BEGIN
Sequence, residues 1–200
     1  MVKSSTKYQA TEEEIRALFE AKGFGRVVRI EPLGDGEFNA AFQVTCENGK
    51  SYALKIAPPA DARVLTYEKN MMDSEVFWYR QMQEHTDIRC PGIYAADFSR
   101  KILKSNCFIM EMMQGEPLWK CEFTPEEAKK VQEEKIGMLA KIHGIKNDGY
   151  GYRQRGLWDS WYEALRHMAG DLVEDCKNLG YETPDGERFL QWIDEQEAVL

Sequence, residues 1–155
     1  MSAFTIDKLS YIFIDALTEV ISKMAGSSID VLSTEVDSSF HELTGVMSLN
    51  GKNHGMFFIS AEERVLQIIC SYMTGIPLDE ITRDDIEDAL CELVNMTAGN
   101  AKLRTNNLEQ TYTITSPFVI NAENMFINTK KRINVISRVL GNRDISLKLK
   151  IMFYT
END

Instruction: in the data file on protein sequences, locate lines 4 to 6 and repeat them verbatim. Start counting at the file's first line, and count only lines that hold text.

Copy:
   101  KILKSNCFIM EMMQGEPLWK CEFTPEEAKK VQEEKIGMLA KIHGIKNDGY
   151  GYRQRGLWDS WYEALRHMAG DLVEDCKNLG YETPDGERFL QWIDEQEAVL

Sequence, residues 1–155